Peptides are normally supplied as a fluffy, freeze-dried material in serum vials. Store peptides in a freezer after they have been received. In order to reconstitute the peptide, distilled water or a buffer solution should be utilized.
Some peptides have low solubility in water and must be dissolved in other solvents such as 6 to 10% acetic acid for a positively charged peptide
Use the minimal amount of these non-aqueous solvents and add water or buffer to make up the desired volume. After peptides are reconstituted, they should be used as soon as possible to avoid degradation in solution.
The long-term storage of peptide samples presents a somewhat different problem. Lyophilized peptides generally have excellent stabilities (in most cases, lyophilizates can be stored for years at -10 C or lower temperatures with little or no degradation),
but, in solution, they generally have much more limited stabilities. Since peptides are susceptible to degradation by proteases of bacterial or microbial origin, the first rule is to prepare sterile solutions, either by reconstitution in sterile, distilled water, or by sterile filtration after reconstitution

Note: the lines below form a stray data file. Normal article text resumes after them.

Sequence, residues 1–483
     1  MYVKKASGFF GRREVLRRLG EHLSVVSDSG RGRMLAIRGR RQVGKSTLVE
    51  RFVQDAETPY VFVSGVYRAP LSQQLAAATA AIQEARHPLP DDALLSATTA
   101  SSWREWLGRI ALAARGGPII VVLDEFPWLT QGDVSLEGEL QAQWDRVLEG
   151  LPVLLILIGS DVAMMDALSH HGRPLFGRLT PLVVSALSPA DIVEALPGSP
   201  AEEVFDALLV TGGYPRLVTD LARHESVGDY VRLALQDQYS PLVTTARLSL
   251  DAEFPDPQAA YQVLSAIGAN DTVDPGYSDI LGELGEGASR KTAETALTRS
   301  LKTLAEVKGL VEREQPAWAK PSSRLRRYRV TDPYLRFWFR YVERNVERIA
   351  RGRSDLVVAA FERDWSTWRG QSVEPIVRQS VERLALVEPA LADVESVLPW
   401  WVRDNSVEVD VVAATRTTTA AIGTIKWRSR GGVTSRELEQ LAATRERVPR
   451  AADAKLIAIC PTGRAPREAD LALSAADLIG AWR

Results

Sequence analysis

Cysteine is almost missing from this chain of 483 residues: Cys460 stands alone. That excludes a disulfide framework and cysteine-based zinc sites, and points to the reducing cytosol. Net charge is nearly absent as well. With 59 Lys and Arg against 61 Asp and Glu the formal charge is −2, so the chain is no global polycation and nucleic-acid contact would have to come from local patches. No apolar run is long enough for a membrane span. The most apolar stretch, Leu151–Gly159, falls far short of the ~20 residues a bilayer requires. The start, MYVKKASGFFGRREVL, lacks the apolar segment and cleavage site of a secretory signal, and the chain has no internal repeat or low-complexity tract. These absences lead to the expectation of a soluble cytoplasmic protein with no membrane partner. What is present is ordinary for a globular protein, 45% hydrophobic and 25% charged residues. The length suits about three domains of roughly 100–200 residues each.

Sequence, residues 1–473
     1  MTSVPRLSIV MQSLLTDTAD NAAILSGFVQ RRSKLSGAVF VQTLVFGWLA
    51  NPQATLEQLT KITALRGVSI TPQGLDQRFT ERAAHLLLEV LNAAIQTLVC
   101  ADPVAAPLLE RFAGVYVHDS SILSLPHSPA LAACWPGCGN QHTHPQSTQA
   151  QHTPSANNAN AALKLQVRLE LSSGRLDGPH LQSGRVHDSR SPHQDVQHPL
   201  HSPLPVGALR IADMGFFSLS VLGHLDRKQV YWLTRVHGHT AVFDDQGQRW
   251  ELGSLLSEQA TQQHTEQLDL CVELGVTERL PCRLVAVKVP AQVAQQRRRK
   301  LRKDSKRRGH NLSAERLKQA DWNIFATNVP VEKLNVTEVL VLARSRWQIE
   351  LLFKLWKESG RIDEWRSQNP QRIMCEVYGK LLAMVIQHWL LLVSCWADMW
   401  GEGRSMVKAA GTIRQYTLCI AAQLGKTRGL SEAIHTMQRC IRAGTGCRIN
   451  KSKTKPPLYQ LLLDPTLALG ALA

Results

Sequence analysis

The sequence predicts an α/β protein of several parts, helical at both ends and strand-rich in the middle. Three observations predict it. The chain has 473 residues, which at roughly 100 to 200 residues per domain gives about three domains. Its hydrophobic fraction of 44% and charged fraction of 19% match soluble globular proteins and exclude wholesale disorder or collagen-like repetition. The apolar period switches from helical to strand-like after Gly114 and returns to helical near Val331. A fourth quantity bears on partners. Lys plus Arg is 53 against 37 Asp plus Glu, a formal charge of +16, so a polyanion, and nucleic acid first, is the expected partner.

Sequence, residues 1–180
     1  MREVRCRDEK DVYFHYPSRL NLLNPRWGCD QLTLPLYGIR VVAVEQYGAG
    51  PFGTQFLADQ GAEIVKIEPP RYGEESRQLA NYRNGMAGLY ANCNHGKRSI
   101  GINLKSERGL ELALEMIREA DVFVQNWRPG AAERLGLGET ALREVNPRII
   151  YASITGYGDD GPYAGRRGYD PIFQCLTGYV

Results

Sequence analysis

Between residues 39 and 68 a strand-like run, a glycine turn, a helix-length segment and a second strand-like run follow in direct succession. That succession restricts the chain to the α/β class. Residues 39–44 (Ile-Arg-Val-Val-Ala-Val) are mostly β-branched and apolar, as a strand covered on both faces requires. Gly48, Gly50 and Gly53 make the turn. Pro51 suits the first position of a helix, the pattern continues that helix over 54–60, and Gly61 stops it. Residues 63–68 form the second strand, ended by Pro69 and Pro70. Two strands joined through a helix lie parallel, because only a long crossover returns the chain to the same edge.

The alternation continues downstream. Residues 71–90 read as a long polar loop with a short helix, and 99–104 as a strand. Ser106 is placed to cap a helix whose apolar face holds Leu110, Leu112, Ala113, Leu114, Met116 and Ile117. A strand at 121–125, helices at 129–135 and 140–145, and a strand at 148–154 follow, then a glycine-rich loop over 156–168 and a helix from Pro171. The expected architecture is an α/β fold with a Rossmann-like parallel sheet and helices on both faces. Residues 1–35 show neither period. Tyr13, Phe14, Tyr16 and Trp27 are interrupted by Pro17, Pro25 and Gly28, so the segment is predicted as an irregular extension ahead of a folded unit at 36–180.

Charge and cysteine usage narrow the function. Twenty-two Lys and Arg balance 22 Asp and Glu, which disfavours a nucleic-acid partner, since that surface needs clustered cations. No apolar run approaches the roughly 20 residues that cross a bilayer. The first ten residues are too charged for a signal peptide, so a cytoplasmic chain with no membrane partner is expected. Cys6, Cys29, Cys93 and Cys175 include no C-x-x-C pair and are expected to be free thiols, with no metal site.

The liver also plays an important role in vitamin and mineral ( iron & copper ) storage. About 80% of the body's vitamin A stores are concentrated in fat droplets within the stellate cells of the liver. In pathological conditions like hepatic fibrosis or liver cirrhosis the stellate cells lose vitamin A, transform into fibroblasts or myofibroblasts and begin producing large amounts of collagen and adhesive glycoproteins. * Normal vitamin A reserves are enough to prevent a deficiency for about 10 months. The liver also contains about a year supply of B12. Vitamin D stores equal about 3-4 months. Small amounts of Vitamins E and K and Vitamin C are stored in the liver to facilitate liver functions.